As lockdown measures and stay-at-home orders were launched to curb virus spread, IT found themselves with a slew of new responsibilities.
As far back as 2011, disaster scenarios tested by the CDC included a zombie apocalypse. And in late 2019, a report by The John Hopkins Bloomberg School of Public Health concluded that the United States was by a large margin better prepared than any other country to handle an epidemic… As it turned out, this was not the case with.
Public bodies, for the most part, are slow to change and, unlike their private counterparts, were ill-prepared to handle the demands placed on them by the pandemic COVID-19. This is even true at a federal level as indicated by Federal Chief Information Office Suzette Kent on NextGov, when she commented that "Many individuals who I would say might have resisted some of the technology tools, not only have accepted them now—now, because of the duration [of the epidemic], they're comfortable with them."
Private organizations have either embraced telework in the last decade or habitually use remote communication tools for teleconferencing, VoIP, collaboration, and information-sharing. There simply wasn't a need to do so before as local and state governments always performed their roles from their respective Town Halls and offices. Not that remote working was the only IT requirement – IT teams had much more to consider and faced a wide variety of issues.
Far From The Political Stage
The IT teams in state and local government were at a disadvantage from the beginning due to a restrictive traditional office-based infrastructure with little in the way of remote capabilities, apart from cloud solutions that varied according to function and location. However, they reacted quickly as technology requirements drastically altered. Their new tasks included but were not limited to:
A Remote Workforce
Given stay-at-home orders and closed office buildings etc. government must keep functioning. This meant that IT had to put a telework solution in place, where employees could still carry out their roles as if still in their offices.
In the areas of health and for front-line employees in law enforcement and others tasked with enforcing public safety, prompt communication was essential, requiring a stable and scalable broadband solution.
In any disaster scenario, ensuring access to relevant information and prompt response to queries from those affected or at risk is essential. This required the rerouting of office numbers, website updates (or creation in some cases), and a means of automated form processing to maximize information capture and dissemination to involved parties.
Participation in a city, state, and national data-gathering exercise to analyze virus spread on an ongoing basis.
Unfortunately, even in this situation, hackers and scammers see nothing but opportunity, attacking perceived weaknesses in the altered government infrastructure and targeting users and citizens in a variety of virus-related phishing scams.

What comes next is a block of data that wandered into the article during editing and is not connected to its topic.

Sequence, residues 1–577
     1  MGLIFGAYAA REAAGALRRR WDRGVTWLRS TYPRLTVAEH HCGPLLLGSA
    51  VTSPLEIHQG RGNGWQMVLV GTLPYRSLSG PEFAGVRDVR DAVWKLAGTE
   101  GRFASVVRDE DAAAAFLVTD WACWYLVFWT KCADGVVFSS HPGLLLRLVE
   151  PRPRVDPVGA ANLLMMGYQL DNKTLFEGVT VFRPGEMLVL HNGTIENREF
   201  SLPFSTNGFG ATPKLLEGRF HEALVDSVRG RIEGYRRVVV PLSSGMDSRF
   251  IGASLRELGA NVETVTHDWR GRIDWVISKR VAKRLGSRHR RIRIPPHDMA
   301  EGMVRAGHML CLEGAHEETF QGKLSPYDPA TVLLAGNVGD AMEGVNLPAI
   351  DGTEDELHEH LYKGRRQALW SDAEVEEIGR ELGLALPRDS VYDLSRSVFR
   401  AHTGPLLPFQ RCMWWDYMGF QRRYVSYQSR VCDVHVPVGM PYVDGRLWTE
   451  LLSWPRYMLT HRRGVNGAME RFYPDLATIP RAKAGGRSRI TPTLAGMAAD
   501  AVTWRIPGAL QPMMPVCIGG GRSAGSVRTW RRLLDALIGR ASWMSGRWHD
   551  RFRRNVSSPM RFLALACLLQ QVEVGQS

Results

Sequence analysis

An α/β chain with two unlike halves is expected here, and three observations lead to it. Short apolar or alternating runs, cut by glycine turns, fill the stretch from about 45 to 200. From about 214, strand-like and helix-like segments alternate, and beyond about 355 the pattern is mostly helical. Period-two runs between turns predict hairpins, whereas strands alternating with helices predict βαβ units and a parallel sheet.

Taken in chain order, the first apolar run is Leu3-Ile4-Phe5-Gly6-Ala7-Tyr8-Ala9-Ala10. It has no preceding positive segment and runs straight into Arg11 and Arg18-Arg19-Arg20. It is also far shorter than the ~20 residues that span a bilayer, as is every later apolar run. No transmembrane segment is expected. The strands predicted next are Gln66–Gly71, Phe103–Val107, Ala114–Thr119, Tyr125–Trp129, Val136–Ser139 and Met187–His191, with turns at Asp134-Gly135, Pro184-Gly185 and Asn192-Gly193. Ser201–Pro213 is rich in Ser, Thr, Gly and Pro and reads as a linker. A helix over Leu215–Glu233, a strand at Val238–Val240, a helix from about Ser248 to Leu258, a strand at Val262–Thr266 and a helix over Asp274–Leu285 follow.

Of course, IT cannot handle everything without help from others, and luckily, in these situations, support is available.
Some of the Barriers
In an ideal world, it's easy to roll out IT upgrades, but the harsh reality is a little different. IT was hampered in several ways, including but not limited to:
As mentioned previously, hackers and scammers didn't give anyone a free pass and took advantage of the situation with scams and hacking attempts. Anyone who pretends to have PPE (personal protective equipment) to defraud victims during an epidemic deserves harsh punishment, which I can't specify here… This means IT must secure home workers to a standard equal to their onsite network.
Considered as part of a business continuity plan in the private sector, government IT teams must ensure that all their services and interactions with the public are scalable and capable of handling increased traffic demand. This is sure to occur when people are scared.
It's all very well to make a sweeping declaration, "Let's all work from home!" but again, the reality is a little different. Residential broadband may be much slower, have unrealistic data caps, or may even be inaccessible except over mobile or even satellite.
Clearly, no IT team could solve everything in-house.
A Collaborative Effort Was Required
No matter how well-intentioned, no city or state can do it alone, and this is where the private sector comes in. Communication between local, state, and federal agencies and organizations is essential in an epidemic. We've all seen that different states have different rules during this crisis. How would it be if every city and county also had a different message? How about every department in those cities? A suitable and unified messaging system is key to avoid conflicting messages to the public with existing solutions, including Everbridge and Onsolve.
Another noteworthy private-sector solution is the Verizon Response Team, deploying broadband connectivity solutions in more than 30 states throughout the crisis, whether it's for mobile hospitals, testing drive-thrus, call processing, or simply keeping stranded at-risk residents in touch with loved ones.
Clearly, the private sector has a significant part to play in any crisis, and government IT teams utilized them as needed. As IT teams only act under instruction and within defined budgets, they performed a monumental task in short order, transitioning the entire infrastructure to a more flexible footing that will pay dividends in the future. Perhaps working from home will become the norm for many government employees, or will 2020 be the year government employees worked from home for the only time in their careers? Only time will tell.